The DCS will pay your claim from the funding it receives (see Funding of the DCS).
Over a period of time the liquidator of the covered bank will normally recover assets and pay the value received to creditors. In your case, the liquidator’s payment will be made to the DCS.
If you had less on deposit than the compensation limit, once you have received your compensation (i.e. your deposit amount in full), any money the DCS receives from the liquidator will be retained in the fund created. It can then use these monies to repay the other covered banks and Isle of Man Treasury that provided the funding for the DCS. As the liquidator of a covered bank will not normally recover 100% of assets, the result is a net cost to the DCS (and therefore the providers of funding).
If you had more on deposit than the compensation limit, and have received the full amount of compensation due to you (£50,000 or £20,000), you may receive further amounts via the DCS depending on the proportion of the failed covered bank’s assets that the liquidator recovers. This arises when the amount the liquidator has distributed to the DCS exceeds the compensation paid in relation to your specific claim; the DCS passes on surplus amounts to you. In this situation you receive back from (and via) the DCS the same amount as you would have as a direct creditor in the covered bank liquidation. The DCS may, however, provide you with a more immediate payment of the first £50,000 / £20,000. The table below demonstrates how this works in relation to an individual based on a 60% recovery rate.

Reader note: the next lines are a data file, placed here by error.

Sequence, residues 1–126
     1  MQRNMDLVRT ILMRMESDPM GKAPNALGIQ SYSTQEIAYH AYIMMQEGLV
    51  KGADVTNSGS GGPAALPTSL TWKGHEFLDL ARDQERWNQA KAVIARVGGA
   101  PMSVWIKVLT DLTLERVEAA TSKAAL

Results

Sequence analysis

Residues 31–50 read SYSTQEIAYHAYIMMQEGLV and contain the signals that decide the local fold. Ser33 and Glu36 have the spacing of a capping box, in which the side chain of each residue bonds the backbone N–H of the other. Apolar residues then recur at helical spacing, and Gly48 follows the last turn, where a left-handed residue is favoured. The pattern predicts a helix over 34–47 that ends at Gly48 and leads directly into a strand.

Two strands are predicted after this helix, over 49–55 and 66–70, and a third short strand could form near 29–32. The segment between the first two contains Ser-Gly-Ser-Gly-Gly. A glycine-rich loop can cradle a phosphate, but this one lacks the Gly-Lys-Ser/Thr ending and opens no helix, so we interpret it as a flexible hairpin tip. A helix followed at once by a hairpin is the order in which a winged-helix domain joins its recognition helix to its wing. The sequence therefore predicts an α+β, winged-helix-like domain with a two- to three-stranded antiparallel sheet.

|With 60% final recovery rate (medium recovery)|
|Amount of Claim / Net Deposit||Comp paid by DCS to youl||Recovery from liquidator paid to DCS (60% of the deposit amount)||Amount retained by DCS (note 1)||Surplus paid to you|
Note 1: the amounts retained by the DCS are ultimately repaid to the providers of funding of the DCS.
24How long would I have to wait to receive any compensation from the DCS?
There is no time limit for the payment of compensation. The amount of compensation paid and the timing of compensation payments will depend upon the size of the covered bank which fails (and its asset quality and profile) and the amount of funding contributed. The payment period will also vary according to whether, and to what extent, the DCS borrows money, the timing of the contribution from the Isle of Man Treasury and the timing of levies from participants (see Funding of the DCS below).
The DCS does however aim to make at least an interim payment to eligible depositors after 28 days from the date of the default of a covered bank, subject to the depositor complying with the requirements for admission into the DCS. Such an interim payment may be less than the full compensation which would be due to the depositor.
25Funding of the DCS
There is no standing fund for the DCS
The DCS is funded, if and when required, by contributions from covered banks in the Isle of Man that are participants in the DCS (to a net amount outstanding of £100 million in any consecutive 10 year period and £200m for all defaults) and money from the Isle of Man Treasury (to a net amount outstanding of £100 million in any consecutive 10 year period). Therefore the amount contributed by banks and the Isle of Man Treasury together is limited to £200 million outstanding at any one time, no matter how many covered bank failures (defaults) may take place. The Manager of the DCS may (but does not have to, or may not be able to) borrow money.
This means that in the event of a very large covered bank failing, or in a systemic crisis, the DCS is unlikely to be in a position to provide the full amount of compensation due to you in a timely manner.
|Financial Supervision Commission|
P.O. Box 58
Finch Hill House
Isle of Man
|Post Code:||IM99 1DT|